Inviting speakers to share knowledge
The district was already creating innovative online content even before upgrading G Suite. “One of the most exciting things is how we’ve used Meet to expand the use of outside contributors to class,” Jerlecki explains. “We’ve had first graders do Meet with other first-graders in Singapore. We had Mark Rober, the former NASA scientist and ‘egg-drop challenge’ expert, talk to our second-graders and show them a piece of the parachute from the Mars Rover.”
What’s exciting, says Jerecki, is the newfound ability to record these events, and share them with even more students and teachers. “We feel it’s easier to ask more speakers, like famous authors, to speak to students because we don’t have to arrange for their travel,” he says. “And once we record the session, we can send people a link.”
Teachers are also seeing the value using recorded Meet for their own classrooms. ”GSEfE made teachers realize we can bring just about anyone into the classroom, and also build out more content for virtual learning,” Jerecki says. “When a teacher can record a class and make the recording available in Google Drive, students who miss class will have a way to get that material,” says Jerlecki. “Teachers can create content for the virtual academy this way, or outside of class if they prefer, on their schedule.”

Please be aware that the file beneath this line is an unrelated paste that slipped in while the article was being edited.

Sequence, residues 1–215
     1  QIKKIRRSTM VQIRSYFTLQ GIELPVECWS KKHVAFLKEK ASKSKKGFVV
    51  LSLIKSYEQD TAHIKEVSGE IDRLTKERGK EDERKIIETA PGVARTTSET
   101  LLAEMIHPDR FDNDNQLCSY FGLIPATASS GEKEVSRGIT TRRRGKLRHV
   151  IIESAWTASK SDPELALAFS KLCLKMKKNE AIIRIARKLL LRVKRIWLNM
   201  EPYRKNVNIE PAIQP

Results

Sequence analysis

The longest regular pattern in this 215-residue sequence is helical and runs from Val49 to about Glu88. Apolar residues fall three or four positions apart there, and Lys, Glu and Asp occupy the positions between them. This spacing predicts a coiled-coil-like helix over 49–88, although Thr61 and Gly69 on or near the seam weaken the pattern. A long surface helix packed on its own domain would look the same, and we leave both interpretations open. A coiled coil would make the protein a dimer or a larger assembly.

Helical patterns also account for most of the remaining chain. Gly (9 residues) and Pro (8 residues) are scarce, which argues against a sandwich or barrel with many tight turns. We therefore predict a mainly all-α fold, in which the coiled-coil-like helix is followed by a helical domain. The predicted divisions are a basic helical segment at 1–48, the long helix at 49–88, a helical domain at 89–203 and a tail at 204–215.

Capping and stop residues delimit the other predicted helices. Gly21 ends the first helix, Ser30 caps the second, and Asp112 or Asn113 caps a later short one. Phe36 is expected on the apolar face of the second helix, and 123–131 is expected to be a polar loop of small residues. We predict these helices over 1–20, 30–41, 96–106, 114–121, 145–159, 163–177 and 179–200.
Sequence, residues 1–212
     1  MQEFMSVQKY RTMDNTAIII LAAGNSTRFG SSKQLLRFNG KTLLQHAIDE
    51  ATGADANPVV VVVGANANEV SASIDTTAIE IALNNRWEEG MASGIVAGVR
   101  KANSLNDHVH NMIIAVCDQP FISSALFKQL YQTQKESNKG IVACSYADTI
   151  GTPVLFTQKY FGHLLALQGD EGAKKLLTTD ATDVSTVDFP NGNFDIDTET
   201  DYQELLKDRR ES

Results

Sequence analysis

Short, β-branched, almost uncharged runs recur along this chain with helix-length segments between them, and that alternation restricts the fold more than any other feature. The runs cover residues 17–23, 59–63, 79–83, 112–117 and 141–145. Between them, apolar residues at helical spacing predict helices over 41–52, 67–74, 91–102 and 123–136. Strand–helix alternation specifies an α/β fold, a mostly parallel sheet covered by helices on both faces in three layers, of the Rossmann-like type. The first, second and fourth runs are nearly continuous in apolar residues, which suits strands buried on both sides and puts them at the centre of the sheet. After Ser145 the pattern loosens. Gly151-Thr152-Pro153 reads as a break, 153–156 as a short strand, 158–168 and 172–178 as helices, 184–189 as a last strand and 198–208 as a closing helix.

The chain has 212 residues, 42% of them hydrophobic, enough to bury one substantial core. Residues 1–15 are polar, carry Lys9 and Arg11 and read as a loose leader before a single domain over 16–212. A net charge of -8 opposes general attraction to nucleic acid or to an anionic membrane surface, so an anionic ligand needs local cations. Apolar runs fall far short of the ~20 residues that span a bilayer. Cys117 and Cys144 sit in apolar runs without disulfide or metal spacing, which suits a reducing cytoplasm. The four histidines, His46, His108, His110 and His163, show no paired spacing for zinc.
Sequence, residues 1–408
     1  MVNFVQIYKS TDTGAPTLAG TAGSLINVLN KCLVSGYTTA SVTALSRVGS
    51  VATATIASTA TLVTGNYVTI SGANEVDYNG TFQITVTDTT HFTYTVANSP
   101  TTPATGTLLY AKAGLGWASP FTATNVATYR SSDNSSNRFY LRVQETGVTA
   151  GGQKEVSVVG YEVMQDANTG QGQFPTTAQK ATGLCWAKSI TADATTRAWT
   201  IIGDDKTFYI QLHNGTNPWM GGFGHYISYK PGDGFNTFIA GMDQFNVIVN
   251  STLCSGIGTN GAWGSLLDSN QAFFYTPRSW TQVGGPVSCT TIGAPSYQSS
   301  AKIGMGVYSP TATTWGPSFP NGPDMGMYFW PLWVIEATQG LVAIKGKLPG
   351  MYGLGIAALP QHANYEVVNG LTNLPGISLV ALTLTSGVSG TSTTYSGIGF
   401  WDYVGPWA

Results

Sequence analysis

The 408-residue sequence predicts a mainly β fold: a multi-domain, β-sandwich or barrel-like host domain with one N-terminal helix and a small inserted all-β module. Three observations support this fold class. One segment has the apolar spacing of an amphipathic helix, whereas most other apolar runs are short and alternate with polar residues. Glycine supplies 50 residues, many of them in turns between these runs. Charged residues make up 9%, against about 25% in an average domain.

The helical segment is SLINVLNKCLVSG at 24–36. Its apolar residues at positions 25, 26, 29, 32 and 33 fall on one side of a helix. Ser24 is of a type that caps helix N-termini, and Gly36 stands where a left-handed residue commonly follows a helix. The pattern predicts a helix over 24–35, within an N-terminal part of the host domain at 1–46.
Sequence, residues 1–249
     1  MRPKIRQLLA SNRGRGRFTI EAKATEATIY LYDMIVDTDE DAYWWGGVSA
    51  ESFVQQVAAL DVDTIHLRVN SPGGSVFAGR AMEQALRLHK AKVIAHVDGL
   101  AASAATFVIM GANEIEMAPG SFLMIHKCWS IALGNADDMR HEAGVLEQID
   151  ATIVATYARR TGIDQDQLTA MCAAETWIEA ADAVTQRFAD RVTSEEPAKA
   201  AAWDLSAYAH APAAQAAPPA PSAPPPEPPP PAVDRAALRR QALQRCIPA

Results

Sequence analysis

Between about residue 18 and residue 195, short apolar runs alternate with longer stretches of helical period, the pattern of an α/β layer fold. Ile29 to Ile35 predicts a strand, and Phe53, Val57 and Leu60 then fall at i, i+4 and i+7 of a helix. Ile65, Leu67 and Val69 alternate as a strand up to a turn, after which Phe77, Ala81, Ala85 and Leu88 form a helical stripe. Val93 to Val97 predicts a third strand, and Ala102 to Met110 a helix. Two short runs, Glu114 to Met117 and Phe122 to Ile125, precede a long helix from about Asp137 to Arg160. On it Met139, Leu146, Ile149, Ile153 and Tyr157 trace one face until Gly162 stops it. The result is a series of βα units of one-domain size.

Jerlecki is also hoping to use Meet to stream and record CCS school board meetings. Since recordings are automatically saved to Google Drive, they’re easy for community members to watch simply by logging in to Google.
Faster, more fruitful searching
Like many school districts, Concord fields an increasing number of requests from parents, law enforcement officials, or district leaders for records such as emails or school board meeting communications. Because GSEfE has more robust eDiscovery tools for emails, chats, and files, Jerlecki and his colleagues can respond to requests more quickly. “Today, technicians can do in 15 minutes what used to take two hours in terms of searching records—that’s a big win,” Jerlecki says. As the district technology leaders like Jerlecki dig deeper into GSEfE’s capabilities, he’s looking forward to sharing feedback with Google and learning about product updates. “We like that Google includes us in this process, and invites us to try new features,” Jerlecki says. “We get the sense that Google cares about what schools think of the product, and how it will serve schools’ needs.”
At a Glance
What they wanted to do
- Build content for virtual learning
- Expand the audience for virtual learning content
- Allow community members to attend events on their own time
What they did
- Adopted G Suite Enterprise for Education
What they accomplished
- Exploring opportunities to capture learning events through Meet recording
- Inviting experts and authors to share their knowledge with classrooms
- Preparing for expansion of district’s virtual learning program
- Improving readiness for state’s eLearning Day Program